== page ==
Sunday, July 22, 2012

Jewish [dis]unity

Achdus.  Jewish Unity.  These days, it's all the rage in the Orthodox Jewish world.  Countless events, publications, and more, are all named with the goal of Jewish unity in mind.  Earlier this year, an Orthodox Union magazine was titled, "Jewish Unity - It Begins With You" and contained a mirror on the front cover.  I cite this merely as an example of the prominence of the movement.  It's become a catchphrase, a buzzword, in the Jewish world.  Since assuming a position as a pulpit Rabbi, people frequently ask me, "[a]re you for Jewish unity?", as if such a complex question and topic can be answered in one word.  What exactly does unity mean, I wonder.  Unity of opinion? Purpose? Dress?  That we can all get along on some level?  Does serious disagreement run counter to Jewish unity?   

My post this morning is not really about Jewish unity, but is tangentially related.  When people praise the ever sought after Jewish unity, the praise often goes as follows:  "There were so many people doing 'x' together; some were wearing knitted kippot, some velvet kippot, black hats, straw hats, streimelach, bare heads, all in the same room at the same time."  Invariably, the mark of unity is that people wearing different styles of clothes, now used to identify people with a specific stream or subculture within the Jewish world, have come together for a particular event or cause.  But why the focus on dress?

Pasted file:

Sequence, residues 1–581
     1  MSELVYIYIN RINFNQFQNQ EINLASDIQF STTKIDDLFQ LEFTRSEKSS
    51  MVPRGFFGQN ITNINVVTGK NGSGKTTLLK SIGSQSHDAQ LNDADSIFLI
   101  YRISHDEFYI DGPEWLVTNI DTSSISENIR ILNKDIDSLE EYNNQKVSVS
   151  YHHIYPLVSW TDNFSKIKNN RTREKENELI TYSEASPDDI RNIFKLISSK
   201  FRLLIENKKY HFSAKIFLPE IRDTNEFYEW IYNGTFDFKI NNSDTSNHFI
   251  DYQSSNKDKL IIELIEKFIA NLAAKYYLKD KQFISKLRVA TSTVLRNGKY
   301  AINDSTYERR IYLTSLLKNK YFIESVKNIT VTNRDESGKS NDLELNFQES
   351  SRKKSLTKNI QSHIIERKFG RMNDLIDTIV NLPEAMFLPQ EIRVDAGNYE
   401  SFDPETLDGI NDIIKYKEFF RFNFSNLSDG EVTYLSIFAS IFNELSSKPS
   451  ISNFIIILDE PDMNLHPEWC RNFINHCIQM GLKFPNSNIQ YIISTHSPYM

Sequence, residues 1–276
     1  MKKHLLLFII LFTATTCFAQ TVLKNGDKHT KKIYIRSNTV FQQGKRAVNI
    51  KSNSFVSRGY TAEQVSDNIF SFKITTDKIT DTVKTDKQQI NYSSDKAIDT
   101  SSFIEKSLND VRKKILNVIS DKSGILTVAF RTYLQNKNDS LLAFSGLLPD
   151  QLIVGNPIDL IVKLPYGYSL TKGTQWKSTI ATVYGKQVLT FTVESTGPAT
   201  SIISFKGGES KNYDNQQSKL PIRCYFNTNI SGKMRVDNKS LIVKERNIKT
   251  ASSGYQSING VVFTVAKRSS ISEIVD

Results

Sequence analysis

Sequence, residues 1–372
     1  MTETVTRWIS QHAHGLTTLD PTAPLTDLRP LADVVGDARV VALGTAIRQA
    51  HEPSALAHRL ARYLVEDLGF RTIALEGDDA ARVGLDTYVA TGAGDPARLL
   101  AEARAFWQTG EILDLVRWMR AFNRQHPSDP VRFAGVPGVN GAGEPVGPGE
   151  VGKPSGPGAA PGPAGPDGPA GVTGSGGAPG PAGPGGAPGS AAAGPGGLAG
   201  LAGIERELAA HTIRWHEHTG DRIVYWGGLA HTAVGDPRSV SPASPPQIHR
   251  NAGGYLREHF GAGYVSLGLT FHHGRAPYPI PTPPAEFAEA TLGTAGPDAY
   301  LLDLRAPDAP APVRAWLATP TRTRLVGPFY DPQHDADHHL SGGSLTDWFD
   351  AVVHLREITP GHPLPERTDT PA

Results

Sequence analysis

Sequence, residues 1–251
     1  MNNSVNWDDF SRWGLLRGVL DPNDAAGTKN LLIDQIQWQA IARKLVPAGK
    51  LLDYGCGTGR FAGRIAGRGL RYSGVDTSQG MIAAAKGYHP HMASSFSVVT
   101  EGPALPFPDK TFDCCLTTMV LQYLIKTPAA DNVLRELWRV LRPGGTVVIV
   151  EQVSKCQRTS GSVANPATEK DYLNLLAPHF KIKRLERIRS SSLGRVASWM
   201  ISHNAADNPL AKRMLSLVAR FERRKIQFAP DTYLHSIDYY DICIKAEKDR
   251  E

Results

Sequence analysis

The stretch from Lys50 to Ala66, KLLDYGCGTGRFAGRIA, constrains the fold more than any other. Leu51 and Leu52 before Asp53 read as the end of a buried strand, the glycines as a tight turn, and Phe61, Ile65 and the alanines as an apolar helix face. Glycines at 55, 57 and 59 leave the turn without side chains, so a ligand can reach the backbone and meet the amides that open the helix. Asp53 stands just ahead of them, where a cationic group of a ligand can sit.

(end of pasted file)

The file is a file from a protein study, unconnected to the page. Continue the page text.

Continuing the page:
More and more, it seems that dress has become the marker of how identify, judge, and relate to others within our community.  Now, it's obviously true that the clothes a person chooses to wear reflect something about their choices and preferences.  Wearing the garb associated with a particular subgroup within the Jewish community no doubt does tell us something.  But increasingly, it seems we no longer allow for slight variance or individuality, but prefer the superficial prejudice of costume as a near absolute.  

When determining the religious preferences of individuals, the focus (for men and women) is almost entirely on dress.  "They look like a frumme yid (serious Jew in Yiddish)."  Rather than focusing primarily and mainly on the character of individuals as markers of quality, the focus is primarily on dress.  People can abuse, steal rob, etc., but as long as they dress in the costume, their status is affirmed.  If someone, for whatever reasons, chooses to forego the costume (think Mattisyahu, who recently shaved the beard and abandoned much of the classic Chassidic dress), they are likely no longer to be trusted.  People who choose not to wear kippot or yarmulkes, as they're popularly known, are not considered serious.  No matter the charity work they do, that they are always there for those in need, or that they pray and study with diligence on a daily basis.